The Cancer Control Council of New Zealand is delighted the Minister of Health David Cunliffe, has fast tracked a colorectal screening programme, says council deputy chair and oncologist Chris Atkinson.
The council, which provides the Minister of Health and the cancer community with independent advice on cancer issues, recommended to former Minister of Health Pete Hodgson in 2007, that a colorectal screening programme be implemented.
``The Ministry of Health estimated that it would take 2 years to complete the feasibility study but the council has advised the Minister that if we seek help from Australia we can get the programme up and running much quicker than that. New South Wales are ready to deliver their screening programme and we know health advisors there will be more than willing to offer advice and support to get the same lifesaving programme operating on this side of the Tasman.’’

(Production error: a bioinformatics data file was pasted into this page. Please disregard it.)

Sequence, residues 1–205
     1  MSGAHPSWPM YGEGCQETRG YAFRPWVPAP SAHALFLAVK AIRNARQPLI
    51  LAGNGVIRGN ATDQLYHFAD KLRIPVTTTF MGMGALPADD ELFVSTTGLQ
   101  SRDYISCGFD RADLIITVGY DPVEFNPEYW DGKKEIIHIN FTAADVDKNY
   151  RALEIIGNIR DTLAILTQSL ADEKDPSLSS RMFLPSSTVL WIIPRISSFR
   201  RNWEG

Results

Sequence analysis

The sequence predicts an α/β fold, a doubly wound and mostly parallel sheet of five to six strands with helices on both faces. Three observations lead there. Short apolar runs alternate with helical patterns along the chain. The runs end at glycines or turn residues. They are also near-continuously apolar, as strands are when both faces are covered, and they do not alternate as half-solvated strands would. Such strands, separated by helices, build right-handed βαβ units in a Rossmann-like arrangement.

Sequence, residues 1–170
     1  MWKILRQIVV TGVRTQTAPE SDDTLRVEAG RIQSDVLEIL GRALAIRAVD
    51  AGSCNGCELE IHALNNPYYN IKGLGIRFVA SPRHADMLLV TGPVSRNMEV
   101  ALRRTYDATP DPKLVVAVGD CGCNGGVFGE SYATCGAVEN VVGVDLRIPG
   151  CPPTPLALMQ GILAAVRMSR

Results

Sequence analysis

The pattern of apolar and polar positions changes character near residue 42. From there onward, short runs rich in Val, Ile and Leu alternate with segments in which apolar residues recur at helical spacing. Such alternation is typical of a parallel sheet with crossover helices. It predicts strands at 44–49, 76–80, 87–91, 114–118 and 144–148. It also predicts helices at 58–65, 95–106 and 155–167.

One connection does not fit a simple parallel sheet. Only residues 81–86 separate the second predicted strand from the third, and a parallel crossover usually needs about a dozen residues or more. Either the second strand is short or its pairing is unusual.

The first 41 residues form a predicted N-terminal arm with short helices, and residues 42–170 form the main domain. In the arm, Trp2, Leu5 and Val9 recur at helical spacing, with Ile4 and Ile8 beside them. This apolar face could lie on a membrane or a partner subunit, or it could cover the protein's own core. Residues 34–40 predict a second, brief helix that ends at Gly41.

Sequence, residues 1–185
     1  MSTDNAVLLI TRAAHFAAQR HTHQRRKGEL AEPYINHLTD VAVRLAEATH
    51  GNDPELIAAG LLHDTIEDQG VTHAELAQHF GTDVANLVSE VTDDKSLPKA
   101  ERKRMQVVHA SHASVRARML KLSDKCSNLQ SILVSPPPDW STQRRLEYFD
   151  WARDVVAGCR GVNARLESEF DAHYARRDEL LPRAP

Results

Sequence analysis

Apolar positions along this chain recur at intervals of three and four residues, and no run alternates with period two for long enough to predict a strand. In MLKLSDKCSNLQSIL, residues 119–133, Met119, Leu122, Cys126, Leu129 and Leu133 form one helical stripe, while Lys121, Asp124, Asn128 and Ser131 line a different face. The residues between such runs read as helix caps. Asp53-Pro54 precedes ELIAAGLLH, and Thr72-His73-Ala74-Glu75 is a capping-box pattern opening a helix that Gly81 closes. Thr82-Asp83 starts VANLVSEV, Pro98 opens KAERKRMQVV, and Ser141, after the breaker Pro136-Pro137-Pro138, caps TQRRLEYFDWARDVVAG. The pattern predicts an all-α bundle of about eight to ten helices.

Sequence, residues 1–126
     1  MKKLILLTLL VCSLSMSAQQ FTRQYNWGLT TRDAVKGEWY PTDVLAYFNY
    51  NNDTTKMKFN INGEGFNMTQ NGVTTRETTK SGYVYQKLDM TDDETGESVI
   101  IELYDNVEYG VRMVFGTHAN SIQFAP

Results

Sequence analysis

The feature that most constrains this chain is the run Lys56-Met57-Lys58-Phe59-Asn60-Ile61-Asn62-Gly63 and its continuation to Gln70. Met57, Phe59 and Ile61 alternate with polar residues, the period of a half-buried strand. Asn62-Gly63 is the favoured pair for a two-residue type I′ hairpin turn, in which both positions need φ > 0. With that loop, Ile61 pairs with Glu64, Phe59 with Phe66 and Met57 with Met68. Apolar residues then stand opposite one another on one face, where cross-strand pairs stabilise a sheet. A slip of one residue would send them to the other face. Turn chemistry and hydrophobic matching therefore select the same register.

``This decision is the sort of bold leadership that we need in the health sector and the Council is confident that the cancer community will pull together to make this programme happen.’’
``While all cancers have a huge impact on the community, these particular cancers are of major importance.’’
Around 2,700 New Zealanders develop colorectal or bowel cancer every year and about 1,200 people will die. Colorectal cancer affects both women and men and although it is not as prevalent in Maori and Pacific populations, the mortality rate amongst Maori and Pacific people is increasing.
``The biggest challenge will be to ensure we have the workforce with the expertise to deliver this programme.’’
``The council is looking forward to providing the Minister with regular updates on the Ministry’s progress in implementing a national colorectal screening programme,’’ Professor Atkinson concluded.